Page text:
Sometime during the wee hours of this morning, my blog topped 30,000 viewings. Thanks to everybody who reads my blog! I'd give each and every one of you canned tuna-in-oil, but who's got that kind of money? So, instead, I'll share some great videos about fellow library felines. First, the most famous library cat ever--Dewey Readmore Books.
Dewey Readmore Books, the Spencer (Iowa) Public Library Cat (1988-2006)
Five days into ALA Banned Books Week, and we're finally getting closer to home with book challenges. A couple of months ago, Scowl-Face was approached by an angry patron demanding that Lies My Teacher Told Me, by James Loewen, be removed from our Library. Scowlly dutifully provided the patron with the Library's book challenge form, indicating that it would help if specific examples of offensive material were identified from the book. He further instructed the patron to return the completed form either to him (Scowlly) or the Circulation Desk, and a Library committee would consider the patron's request and notify him by mail or email of the decision.
As the patron left the MPL IndianaRoving Reporter Room, Scowl-Face saw him wad up and toss the form into a nearby wastebasket. So much for following complaint procedures.
What was inside Loewen's book that irritated this patron so much? Perhaps our book trailer will provide some insight.
Some people have fragile world views, and, consequently, they don't want to be confronted with any information that contradicts their opinions or perspectives. Experiencing inconsistency between reality and one's perception of reality, which results in psychological stress, is called cognitive dissonance by social psychologists. Loewen, a sociologist, would appreciate this reaction to his book. Persons who wish to ban books from schools or libraries often experience cognitive dissonance when exposed to ideas inconsistent with their attitudes or beliefs. To alleviate the psychological stress, they suggest the easiest route--eliminate the stress-inducing object, i.e., the offensive books. Their world view remains intact and unscathed, and they have achieved a personal victory in preventing an opposing perspective from being disseminated to others using the library or attending the school at which the ban has been instituted.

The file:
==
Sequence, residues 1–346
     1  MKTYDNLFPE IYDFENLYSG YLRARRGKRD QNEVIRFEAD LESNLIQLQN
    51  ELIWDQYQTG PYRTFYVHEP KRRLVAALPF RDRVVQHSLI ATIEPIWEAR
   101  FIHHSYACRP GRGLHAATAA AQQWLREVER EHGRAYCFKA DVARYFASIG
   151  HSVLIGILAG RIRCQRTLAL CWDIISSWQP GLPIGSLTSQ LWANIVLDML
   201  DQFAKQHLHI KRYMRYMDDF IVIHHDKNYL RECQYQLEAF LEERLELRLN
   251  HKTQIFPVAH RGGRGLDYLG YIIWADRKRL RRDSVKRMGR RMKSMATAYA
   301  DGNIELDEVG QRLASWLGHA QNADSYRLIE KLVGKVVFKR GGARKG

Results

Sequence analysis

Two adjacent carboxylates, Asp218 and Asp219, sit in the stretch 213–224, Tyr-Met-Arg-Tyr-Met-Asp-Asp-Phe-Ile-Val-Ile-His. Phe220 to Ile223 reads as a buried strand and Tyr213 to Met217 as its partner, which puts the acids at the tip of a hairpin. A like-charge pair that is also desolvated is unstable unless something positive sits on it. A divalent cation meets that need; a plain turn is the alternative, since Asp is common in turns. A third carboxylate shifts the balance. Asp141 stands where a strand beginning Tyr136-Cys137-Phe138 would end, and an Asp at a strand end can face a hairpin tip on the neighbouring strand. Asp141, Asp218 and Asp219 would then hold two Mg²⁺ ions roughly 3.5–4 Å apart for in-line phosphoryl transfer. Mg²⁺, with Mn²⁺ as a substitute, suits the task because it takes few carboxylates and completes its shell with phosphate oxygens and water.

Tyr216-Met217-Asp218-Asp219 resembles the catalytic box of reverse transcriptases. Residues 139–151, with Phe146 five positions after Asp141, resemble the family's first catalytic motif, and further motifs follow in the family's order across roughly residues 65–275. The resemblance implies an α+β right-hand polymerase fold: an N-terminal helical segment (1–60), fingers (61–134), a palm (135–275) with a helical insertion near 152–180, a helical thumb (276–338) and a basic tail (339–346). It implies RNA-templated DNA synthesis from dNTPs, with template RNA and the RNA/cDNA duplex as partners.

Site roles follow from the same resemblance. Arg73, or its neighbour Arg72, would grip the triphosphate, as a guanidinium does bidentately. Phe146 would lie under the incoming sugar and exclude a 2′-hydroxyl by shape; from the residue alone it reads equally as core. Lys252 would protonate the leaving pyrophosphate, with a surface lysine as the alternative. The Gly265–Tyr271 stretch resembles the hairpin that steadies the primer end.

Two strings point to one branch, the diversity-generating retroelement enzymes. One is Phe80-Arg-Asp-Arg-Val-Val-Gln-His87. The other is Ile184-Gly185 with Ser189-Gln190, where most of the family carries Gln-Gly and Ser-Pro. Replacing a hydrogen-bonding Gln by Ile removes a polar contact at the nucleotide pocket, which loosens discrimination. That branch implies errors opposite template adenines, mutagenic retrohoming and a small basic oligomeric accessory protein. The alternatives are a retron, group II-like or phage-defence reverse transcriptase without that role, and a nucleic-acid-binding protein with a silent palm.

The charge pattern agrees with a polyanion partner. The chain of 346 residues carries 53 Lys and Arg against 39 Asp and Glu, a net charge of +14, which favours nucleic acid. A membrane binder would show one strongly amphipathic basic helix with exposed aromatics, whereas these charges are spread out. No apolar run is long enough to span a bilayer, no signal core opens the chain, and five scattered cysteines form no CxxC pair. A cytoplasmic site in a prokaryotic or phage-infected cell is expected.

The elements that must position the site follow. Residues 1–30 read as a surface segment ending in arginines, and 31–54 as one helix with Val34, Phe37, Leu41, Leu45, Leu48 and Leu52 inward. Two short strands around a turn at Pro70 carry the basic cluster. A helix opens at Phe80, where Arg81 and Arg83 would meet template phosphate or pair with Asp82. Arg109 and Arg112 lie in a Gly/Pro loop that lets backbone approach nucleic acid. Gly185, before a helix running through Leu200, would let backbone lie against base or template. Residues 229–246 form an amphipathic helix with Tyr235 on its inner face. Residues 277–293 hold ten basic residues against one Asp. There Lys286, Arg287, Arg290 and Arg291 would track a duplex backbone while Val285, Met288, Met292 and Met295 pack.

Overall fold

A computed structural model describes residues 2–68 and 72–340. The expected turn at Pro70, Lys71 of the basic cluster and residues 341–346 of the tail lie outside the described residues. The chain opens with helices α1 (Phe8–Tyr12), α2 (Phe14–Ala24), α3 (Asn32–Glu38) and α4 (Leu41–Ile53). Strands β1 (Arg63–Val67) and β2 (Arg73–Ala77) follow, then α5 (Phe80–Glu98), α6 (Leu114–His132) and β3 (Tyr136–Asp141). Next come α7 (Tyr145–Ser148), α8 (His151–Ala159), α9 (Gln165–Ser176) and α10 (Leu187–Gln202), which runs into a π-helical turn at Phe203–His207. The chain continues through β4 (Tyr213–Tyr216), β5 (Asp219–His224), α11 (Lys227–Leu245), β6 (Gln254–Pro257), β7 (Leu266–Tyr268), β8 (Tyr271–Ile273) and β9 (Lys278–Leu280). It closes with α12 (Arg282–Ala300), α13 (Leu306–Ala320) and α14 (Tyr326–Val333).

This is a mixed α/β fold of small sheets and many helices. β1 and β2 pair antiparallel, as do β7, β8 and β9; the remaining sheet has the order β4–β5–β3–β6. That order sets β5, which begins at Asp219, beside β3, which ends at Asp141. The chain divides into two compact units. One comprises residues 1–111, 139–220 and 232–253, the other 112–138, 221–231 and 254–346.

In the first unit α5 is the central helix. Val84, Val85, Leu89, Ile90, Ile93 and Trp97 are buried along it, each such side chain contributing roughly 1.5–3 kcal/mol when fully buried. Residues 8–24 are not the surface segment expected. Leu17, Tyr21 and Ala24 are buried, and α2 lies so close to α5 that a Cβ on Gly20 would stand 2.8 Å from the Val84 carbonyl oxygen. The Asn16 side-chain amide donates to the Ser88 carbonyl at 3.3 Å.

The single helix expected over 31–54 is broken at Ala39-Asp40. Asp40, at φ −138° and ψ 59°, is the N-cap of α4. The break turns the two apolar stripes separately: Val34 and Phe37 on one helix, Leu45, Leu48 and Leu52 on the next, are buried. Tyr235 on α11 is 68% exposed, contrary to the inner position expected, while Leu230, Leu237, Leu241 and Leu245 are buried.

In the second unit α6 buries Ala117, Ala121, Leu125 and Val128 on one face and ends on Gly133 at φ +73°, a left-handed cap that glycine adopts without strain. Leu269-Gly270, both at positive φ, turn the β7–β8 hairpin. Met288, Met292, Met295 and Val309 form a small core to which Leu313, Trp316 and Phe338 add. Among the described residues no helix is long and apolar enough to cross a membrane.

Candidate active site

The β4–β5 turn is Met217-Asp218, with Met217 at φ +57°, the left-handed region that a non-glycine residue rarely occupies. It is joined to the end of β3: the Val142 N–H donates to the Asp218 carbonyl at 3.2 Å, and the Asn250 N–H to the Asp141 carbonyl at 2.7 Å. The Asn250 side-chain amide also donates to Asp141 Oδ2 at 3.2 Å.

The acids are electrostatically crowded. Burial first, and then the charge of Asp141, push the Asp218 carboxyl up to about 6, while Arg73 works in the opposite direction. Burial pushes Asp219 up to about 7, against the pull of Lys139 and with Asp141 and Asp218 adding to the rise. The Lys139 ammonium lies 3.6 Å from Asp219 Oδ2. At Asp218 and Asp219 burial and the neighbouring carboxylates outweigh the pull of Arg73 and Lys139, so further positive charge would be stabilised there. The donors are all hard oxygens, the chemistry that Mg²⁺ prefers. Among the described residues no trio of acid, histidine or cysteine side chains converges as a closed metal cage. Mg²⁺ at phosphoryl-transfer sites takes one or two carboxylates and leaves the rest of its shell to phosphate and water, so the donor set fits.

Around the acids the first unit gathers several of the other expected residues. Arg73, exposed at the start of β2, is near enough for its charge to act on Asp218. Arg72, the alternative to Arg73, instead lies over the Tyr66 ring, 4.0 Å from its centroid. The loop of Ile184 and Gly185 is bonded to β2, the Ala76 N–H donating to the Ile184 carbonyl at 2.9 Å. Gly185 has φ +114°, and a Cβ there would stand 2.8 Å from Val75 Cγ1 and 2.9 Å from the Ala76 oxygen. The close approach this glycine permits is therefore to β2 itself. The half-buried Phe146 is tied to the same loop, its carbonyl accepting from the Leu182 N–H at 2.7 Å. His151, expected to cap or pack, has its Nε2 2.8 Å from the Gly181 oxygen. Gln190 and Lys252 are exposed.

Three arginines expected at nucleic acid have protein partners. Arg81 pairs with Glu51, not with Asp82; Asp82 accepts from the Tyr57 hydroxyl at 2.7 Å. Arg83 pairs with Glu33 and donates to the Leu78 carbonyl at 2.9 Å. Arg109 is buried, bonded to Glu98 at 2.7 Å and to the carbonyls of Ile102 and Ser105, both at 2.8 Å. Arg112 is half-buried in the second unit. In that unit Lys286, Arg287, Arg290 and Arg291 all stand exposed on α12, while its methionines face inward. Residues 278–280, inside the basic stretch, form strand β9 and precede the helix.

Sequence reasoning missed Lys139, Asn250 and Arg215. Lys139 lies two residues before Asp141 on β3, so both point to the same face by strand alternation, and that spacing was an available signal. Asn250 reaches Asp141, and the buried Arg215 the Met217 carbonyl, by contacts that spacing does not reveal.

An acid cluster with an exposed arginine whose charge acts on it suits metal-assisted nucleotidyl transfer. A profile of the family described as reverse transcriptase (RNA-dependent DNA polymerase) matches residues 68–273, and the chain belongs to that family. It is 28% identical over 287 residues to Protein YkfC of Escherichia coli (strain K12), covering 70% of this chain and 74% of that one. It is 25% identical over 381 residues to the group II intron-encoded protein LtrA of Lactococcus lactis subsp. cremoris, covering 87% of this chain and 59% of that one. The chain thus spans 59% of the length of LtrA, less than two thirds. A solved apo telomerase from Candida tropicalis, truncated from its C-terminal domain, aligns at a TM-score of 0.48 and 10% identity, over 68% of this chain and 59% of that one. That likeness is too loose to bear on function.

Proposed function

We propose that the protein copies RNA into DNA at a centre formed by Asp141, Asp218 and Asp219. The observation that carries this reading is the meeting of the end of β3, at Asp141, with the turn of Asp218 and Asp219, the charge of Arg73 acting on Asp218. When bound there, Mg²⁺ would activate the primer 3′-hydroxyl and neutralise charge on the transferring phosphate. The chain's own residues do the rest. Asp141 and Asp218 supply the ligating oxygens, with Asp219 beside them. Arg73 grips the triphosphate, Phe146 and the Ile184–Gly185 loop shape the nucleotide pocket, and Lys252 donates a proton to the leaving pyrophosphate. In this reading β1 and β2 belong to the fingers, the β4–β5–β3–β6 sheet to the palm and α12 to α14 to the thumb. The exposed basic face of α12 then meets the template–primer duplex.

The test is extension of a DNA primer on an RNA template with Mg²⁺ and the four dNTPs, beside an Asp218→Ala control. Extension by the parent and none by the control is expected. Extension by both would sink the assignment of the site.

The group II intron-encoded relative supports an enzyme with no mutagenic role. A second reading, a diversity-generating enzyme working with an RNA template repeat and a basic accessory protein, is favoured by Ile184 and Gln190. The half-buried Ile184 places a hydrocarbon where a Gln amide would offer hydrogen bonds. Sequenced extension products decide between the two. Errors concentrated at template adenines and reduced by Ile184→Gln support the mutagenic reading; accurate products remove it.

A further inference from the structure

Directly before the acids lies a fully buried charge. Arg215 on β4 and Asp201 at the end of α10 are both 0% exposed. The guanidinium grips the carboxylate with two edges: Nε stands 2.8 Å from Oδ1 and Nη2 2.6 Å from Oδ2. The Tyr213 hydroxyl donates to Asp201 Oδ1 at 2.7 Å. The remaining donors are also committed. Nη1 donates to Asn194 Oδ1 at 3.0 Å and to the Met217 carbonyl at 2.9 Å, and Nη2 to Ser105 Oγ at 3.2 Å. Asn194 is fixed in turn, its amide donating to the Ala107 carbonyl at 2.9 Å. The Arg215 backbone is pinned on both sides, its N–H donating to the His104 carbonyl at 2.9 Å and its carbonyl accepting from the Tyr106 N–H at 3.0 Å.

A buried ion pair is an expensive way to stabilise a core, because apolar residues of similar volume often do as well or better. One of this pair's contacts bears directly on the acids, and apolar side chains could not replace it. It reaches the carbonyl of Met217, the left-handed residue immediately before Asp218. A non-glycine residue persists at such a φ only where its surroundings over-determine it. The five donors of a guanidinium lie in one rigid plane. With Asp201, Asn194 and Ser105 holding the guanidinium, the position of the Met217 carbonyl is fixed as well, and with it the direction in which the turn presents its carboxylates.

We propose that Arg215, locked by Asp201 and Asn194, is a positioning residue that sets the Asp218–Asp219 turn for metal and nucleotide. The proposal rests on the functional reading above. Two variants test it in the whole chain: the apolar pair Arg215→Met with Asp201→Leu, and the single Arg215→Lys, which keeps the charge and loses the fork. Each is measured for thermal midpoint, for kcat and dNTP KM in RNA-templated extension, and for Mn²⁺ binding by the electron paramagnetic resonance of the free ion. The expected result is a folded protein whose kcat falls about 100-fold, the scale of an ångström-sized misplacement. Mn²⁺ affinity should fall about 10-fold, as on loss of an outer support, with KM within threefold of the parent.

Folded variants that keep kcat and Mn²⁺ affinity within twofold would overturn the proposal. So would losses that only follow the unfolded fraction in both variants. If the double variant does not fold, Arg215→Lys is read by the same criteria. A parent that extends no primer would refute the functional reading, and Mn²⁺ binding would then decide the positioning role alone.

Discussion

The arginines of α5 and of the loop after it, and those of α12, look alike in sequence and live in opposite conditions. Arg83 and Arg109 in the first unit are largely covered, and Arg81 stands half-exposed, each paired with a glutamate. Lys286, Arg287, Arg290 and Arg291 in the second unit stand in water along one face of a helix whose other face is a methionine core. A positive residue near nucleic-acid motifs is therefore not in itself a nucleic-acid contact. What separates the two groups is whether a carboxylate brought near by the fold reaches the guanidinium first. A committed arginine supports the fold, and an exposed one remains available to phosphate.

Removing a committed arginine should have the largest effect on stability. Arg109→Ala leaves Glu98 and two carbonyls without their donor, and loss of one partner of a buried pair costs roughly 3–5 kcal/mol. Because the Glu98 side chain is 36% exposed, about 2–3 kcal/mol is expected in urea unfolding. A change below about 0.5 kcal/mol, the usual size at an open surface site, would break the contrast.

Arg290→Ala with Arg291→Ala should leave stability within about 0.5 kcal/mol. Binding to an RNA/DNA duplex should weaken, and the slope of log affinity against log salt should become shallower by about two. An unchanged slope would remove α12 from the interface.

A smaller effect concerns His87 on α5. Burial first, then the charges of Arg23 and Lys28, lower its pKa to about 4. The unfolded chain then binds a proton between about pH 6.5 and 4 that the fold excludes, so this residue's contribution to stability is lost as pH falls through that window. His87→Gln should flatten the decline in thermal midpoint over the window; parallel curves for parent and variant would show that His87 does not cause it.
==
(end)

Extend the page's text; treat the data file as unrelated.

Of course, if one is going to complain about a book in a library collection, one needs to follow proper procedures for that book's review. This requires the protester to complete the written form. That seems like a reasonable request, but it requires more effort than some challengers wish to invest.
Flowers for Algernon, by Daniel Keyes, has been banned or challenged at schools and libraries based upon its few swear-words and a brief segment detailing the main character's emerging sexual feelings for the female scientist tutoring him. You'll have to search carefully to find it, since it occupies only a few paragraphs of the novel. Still, some references drive certain people crazy, and, for such persons, anything remotely approaching bad language or sexuality makes a book too "filthy" to place upon a library's bookshelves.
Our book trailers above summarize each book's particulars, which may be sufficient to help you decide if you'd like to read them. They are both available in our Evergreen Indiana catalog (click here and here.)
Why is Keyes' book "closer to home," as I said in the introductory paragraph? No sinister reason--Scowl-Face used it as his example of a banned or challenged library book in his library school collection development course. Bet the class was sawing those proverbial logs before he managed to hit the 30-second mark in his presentation.
Allowing Everyone to Decide What to Read For Her/Himself,
Cauli Le Chat
MPL Roving Reporter
BBW News Beat